Like so many of her friends, in and out of professional tennis, Jessica Pegula has developed a fascination for skincare and beauty products.
“When I was growing up, for the most part, I had troubled skin,” Pegula said recently, a few days before the Chicago Fall Tennis Classic began. “I tried a million different things and didn’t always give it the time to work. Your skin freaks out because there’s too much going on.
“So I was always interested in trying to figure out what helped and what worked. Like a lot of people, I was always looking for the quick fix.”
And so, Pegula – now 27 and ranked No.24 among WTA players – came up with a solution: Her own line of skincare products, Ready 24.
It grew out of her love for the variety and subtleties of the skincare game, along with some downtime from tennis. After surgery to repair a torn labrum in her right hip, Pegula was forced to miss eight months of the 2016 season.
“I wasn’t doing anything besides rehab, which gets pretty boring,” she said. “So that’s basically how it started. And it took a little bit over a year to officially launch it, for everything to come together.
“Over time, I started to realize the more simplified I made my skincare, the better it seemed to work. So that was kind my thought process behind Ready 24.”
As in ready 24-7. That and a birthday of 2/24/94, seemed to make the name a foregone conclusion.
Tennis takes a terrible toll on skin. Sweating through matches and lengthy practice sessions, in all kinds of climate conditions, is tough enough. And then there’s travel and the overall stress that comes with the profession. Not to mention the damage sun can cause. Pegula’s line offers products in four basic categories: Square One (cleansers), Balance (essence water), Defense (moisturizer) and Recovery (face mask, eye cream).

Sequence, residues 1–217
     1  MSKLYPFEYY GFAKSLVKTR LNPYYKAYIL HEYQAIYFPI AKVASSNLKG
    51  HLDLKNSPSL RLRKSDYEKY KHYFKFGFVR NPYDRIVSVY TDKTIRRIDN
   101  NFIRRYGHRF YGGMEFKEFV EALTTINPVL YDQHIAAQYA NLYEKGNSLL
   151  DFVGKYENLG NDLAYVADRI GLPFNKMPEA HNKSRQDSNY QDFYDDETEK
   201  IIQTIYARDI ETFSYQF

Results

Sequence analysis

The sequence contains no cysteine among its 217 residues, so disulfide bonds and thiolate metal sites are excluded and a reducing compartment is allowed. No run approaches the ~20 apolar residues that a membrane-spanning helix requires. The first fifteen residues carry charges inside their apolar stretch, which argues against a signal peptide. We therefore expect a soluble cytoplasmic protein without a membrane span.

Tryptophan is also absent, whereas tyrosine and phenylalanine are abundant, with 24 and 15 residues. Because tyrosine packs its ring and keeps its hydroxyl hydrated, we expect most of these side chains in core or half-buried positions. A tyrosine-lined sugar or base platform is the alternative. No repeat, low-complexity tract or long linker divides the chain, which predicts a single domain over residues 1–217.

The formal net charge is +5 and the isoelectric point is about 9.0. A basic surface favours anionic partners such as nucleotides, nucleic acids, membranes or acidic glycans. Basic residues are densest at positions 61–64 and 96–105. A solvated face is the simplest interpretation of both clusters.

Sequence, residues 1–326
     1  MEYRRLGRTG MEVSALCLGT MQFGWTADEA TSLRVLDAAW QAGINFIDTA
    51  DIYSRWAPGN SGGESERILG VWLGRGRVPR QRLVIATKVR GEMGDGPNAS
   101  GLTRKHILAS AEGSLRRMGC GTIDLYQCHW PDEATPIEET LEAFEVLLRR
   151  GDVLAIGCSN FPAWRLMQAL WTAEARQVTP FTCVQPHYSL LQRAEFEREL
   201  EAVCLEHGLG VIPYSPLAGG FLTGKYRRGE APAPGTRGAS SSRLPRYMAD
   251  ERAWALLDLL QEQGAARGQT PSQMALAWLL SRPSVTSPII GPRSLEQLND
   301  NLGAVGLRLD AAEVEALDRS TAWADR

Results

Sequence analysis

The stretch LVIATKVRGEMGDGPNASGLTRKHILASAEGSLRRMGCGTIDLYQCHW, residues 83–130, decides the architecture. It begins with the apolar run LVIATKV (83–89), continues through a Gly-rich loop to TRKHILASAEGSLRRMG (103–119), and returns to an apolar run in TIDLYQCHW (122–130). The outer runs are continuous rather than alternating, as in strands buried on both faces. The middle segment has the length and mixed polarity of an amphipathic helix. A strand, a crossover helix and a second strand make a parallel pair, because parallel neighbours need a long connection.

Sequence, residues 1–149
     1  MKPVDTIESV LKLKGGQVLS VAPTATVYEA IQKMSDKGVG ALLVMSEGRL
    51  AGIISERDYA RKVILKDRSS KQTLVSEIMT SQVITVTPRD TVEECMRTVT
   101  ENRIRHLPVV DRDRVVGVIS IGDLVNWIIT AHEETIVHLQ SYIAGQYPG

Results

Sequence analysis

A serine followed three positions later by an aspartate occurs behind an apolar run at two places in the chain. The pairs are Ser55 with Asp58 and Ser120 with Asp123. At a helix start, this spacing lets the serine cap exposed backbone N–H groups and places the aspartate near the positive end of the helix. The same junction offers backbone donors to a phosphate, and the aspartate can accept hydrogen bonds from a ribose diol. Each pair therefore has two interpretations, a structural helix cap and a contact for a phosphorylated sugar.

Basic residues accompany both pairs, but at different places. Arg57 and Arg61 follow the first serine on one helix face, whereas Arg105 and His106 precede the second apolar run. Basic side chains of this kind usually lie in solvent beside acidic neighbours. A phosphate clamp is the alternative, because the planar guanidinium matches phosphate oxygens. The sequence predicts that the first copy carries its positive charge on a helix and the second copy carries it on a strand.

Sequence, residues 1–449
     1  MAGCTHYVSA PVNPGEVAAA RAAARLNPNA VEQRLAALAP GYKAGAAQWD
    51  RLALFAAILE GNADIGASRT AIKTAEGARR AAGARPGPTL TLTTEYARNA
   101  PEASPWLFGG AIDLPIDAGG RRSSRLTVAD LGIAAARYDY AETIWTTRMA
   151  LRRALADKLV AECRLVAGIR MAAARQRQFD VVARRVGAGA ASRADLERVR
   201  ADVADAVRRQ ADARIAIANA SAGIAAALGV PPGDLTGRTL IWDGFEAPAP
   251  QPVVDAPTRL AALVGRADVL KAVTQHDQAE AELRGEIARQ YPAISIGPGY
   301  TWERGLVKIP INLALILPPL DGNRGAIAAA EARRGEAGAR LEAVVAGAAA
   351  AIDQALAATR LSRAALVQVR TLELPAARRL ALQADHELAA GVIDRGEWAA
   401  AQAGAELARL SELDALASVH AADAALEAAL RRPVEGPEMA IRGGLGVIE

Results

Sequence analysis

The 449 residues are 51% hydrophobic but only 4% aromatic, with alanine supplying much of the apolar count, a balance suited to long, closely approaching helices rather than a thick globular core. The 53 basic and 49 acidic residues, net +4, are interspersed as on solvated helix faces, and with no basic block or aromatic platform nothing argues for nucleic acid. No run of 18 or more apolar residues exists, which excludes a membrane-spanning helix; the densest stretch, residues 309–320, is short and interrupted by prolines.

Teaming up with The Advantage Co in her hometown of Buffalo, Pegula worked out all the logistics, then put her ideas to a demanding test – with her own, personal focus group comprised of close friends.
“They’re all into that stuff, too, and were more than happy to get free skincare shipped to them,” Pegula said. “I picked the ingredients I liked and some of the details, consistency-wise, the smells I liked. And my friends gave me their feedback and helped narrow it down.”
This brief blurb on the Ready 24 website encapsulates the corporate philosophy: “We know you’re active. We know you’re always on-the-go. We know it’s hard to find products that are clean and reliable. That’s why we created Ready 24. Our ingredients are clean and simple, and so should your skincare.”
Said Pegula: “Of course, I want clean ingredients. Especially nowadays when nobody really wants to put chemicals on their face. We’re learning so much more about what we’re putting into our bodies and onto our skin. So that was really important to me.”
One of the moments when it finally struck Pegula that her vision was becoming a reality came when she found herself typing out the copy for the labels that would appear on all her products.
“Literally, like typed them all on my computer,” she said, laughing. “I was thinking to myself, `This is so weird. I can’t believe I’m writing a label for people to use.’ It was so hands-on. Honestly, it was really pretty cool.”
Pegula uses her own products; they are never far away, in both her tennis bag and purse. Even though fellow American Madison Keys sometimes likes to indulge in one of those 10-step nighttime skincare routines (as does Pegula), she is one of several players to offer enthusiastic reviews. Keys is joined by Sloane Stephens, Jennifer Brady and Kim Clijsters, among others.
“Kim is here [Chicago],” Pegula said, “I sent her some, and I saw that she actually reordered some, so that’s cool.”